Saturday, 11 December 2010

Royal Fail

Royal Mail AGAIN! This time they have been incredibly unhelpful.

I ordered something online. Royal Mail won't let you know at what time they will be delivering items, so you have to take a day off work and stay in all day. I did this. I waited all morning. Then I had to go out for two minutes, just around the corner. I left a huge fluorescent note above the letter box, saying:

"Deliveries - I have popped out, just around the corner, and will be back in a couple of minutes, or ring me at 01970 617737 and I will be back in a few seconds."

Sunday, 12 September 2010

Philips - putting barriers in place

Past experiences with Philips
In March 2009 I had the misfortune of trying to use Philips' Customer Services department. A product bought from them had failed (surround-sound speakers) and was within the Philips warranty period. They made it difficult to contact them, sent me round various departments, had contact forms which did not work, did nothing when I contacted them (so I had to keep getting in touch every nine days to complain again). In the end it took two months and a huge amount of effort on my part before they would honour the warranty. Even then I was unhappy with them - we should all be concerned about waste of the Earth's resources. Yet when I asked Philips about getting the speakers repaired, even if I had to pay, I was told that Philips no longer repair faulty products - that it is cheaper to buy new. However environmentally it is a disgrace - if a product breaks after a year Philips expect you to throw it away and buy more, even if the fault is something that is easy to fix. Electrical goods have some of the most damaging manufacturing processes and include many toxic substances; recycling can not deal with the sheer amount of goods that Western society produces then discards. Any decent manufacturer would have the ingenuity and inclination to design their products to be easily (and cheaply) repairable, and would either have their own repair scheme or would enable repairs to be made by small local companies. Philips are a big let-down here, and I am very disappointed. On top of the fact that it took two months before it was resolved, during which time I had no sound from my PC, limiting its creative uses massively.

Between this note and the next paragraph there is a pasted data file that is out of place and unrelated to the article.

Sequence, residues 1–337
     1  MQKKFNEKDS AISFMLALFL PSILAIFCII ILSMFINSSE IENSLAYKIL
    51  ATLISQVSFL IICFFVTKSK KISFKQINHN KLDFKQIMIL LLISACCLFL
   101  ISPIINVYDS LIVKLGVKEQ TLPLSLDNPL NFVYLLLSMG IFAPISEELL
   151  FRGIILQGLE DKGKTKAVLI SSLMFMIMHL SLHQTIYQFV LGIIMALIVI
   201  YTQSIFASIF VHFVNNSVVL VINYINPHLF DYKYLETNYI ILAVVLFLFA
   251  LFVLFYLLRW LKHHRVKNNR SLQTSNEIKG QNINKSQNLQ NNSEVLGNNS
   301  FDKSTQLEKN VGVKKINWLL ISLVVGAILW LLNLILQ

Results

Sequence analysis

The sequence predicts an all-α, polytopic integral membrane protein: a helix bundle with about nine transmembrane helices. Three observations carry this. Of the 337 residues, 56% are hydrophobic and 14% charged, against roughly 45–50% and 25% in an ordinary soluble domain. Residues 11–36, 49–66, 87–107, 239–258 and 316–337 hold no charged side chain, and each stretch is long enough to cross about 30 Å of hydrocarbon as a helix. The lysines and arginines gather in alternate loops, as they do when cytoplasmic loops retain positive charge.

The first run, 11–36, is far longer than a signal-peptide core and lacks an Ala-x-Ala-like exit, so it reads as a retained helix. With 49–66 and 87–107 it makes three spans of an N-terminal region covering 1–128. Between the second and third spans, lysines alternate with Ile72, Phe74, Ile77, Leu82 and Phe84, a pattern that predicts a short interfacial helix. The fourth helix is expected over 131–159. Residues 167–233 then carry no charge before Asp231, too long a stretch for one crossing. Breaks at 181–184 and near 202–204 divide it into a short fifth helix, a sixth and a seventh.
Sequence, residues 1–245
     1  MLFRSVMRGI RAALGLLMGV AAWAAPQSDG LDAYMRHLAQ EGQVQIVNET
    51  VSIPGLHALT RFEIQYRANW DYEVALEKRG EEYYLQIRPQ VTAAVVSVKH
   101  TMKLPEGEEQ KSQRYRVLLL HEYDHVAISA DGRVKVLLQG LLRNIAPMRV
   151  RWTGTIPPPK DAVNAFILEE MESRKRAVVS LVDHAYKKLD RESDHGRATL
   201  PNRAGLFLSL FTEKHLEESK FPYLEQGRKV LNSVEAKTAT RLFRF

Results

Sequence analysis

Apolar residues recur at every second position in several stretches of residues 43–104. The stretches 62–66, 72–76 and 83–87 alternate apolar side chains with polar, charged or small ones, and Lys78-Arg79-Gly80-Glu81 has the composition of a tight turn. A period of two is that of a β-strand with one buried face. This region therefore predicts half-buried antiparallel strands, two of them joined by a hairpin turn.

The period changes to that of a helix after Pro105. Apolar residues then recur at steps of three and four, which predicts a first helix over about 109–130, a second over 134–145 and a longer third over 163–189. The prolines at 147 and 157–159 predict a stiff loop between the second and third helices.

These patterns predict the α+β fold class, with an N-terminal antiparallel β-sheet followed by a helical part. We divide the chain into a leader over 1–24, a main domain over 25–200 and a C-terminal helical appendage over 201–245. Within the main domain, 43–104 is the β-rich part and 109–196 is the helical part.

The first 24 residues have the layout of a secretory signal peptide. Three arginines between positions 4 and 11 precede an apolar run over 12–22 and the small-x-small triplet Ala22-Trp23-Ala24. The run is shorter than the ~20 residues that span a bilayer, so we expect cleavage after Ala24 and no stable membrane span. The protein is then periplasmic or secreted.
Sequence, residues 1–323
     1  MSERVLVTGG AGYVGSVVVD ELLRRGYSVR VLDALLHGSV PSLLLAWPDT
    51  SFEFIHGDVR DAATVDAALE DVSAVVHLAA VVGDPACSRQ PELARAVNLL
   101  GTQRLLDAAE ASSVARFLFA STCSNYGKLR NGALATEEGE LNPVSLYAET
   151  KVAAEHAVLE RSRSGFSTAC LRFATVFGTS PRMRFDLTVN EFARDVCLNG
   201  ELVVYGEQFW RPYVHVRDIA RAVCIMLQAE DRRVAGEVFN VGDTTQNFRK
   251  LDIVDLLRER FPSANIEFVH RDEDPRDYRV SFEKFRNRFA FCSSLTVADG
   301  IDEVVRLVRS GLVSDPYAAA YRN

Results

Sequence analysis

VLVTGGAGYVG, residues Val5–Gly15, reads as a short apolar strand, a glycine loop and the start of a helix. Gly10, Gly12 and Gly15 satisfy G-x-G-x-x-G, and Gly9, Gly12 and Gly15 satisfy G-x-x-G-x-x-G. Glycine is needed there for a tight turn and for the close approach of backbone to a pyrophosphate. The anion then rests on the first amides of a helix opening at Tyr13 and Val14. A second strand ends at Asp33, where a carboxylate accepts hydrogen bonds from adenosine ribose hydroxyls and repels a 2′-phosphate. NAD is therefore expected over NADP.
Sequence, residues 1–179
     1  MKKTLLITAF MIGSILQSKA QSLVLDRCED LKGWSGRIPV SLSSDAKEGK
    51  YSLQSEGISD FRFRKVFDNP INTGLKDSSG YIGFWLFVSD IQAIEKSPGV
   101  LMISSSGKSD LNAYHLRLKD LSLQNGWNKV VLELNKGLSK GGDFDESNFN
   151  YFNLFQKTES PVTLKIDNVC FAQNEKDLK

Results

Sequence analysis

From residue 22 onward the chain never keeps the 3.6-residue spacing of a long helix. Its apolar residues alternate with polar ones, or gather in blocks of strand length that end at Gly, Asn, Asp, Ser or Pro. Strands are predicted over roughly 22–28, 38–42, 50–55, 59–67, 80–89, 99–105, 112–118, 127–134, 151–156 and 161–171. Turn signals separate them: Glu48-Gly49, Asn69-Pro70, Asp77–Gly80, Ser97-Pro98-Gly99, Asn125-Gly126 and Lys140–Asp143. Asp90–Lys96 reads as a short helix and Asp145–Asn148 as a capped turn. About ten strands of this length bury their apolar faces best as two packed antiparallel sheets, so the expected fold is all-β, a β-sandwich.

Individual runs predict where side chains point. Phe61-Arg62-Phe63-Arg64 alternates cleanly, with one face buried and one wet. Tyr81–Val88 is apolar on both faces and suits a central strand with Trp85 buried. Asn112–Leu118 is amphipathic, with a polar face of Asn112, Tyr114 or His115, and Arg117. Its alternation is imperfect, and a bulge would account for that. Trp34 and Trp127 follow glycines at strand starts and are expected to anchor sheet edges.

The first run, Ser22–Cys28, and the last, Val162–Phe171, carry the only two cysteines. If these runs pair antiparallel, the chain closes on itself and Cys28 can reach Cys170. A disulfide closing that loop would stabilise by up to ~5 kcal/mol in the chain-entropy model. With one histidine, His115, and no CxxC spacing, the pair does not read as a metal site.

Thursday, 9 September 2010

Royal Mail - mountains of junk through your letterbox

Royal Mail - again. In a saga that goes back a long way...

The Mailing Preference Service (MPS) is supposed to help you prevent all the wasteful junk that comes through your door. Except it is a bit rubbish, because it is run by the junkmail industry, i.e. the people sending you the unwanted rubbish in the first place. That is why they use an 'opt-out' system so that you have to go out of your way to stop receiving junkmail, rather than 'opt-in' whereby you would get no junkmail unless you asked for it, and would save mountains of paper overnight. The MPS still try and put you off opting-out first, and even then it only lasts a limited period and they do not inform you when the registration runs out. Just to show how utterly crap they are, they ignore companies who address junkmail to 'The Occupier' - their advice in those cases is "If you are receiving mailings addressed to the occupier or homeowner you must contact the company who sent the mailing directly and ask to be removed from their delivery lists" - my emphasis. Right, so you should spend your time writing to unscrupulous junkmail companies, giving them your confirmed contact details? As if that won't just increase the amount of unsolicited crap that comes through your door?

Friday, 14 May 2010

Game download services

The idea of being able to easily download PC games is a great one. There are potentially environmental benefits (no physical products to ship around the world); in an ideal world savings from not needing to make and ship physical products would be passed on to the consumer; and it can be quicker to get hold of a game in some cases.

There are a number of game download companies, all competing for customers. Once someone joins a service then - if they are happy with it - it is likely that they will stick with it for all their gaming needs. It should therefore be important to companies to offer the best possible service to the customer, with the fewest barriers - to put the needs of the customer first.

Monday, 5 April 2010

LoveFilm, but sod the environment

This began around twelve months ago, in May 2009. I was a Lovefilm customer - the subscription service whereby DVD films are sent to you and you return them in the post when you have finished with them. As you can imagine, this kind of service uses a massive amount of paper every year for all their envelopes (and letters, and unwanted promotional spam slipped in with the films...). At that point I noticed that they don't use 100% post-consumer waste for their envelopes and paperwork, which is the best option environmentally, and the only one for any decent company with an environmental policy that is worth more than the paper it is printed on. The recycling industry is facing huge problems because companies like Lovefilm don't buy post-consumer waste products, and there is no excuse for them not to do so. I asked their Customer Service department if Lovefilm would be switching to post-consumer waste paper, and giving reasons why.